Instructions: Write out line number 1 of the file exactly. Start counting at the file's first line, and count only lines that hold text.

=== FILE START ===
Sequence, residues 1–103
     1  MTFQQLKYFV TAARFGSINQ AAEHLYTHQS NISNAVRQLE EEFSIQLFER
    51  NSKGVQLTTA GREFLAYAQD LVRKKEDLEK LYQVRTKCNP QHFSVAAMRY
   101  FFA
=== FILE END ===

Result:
Sequence, residues 1–103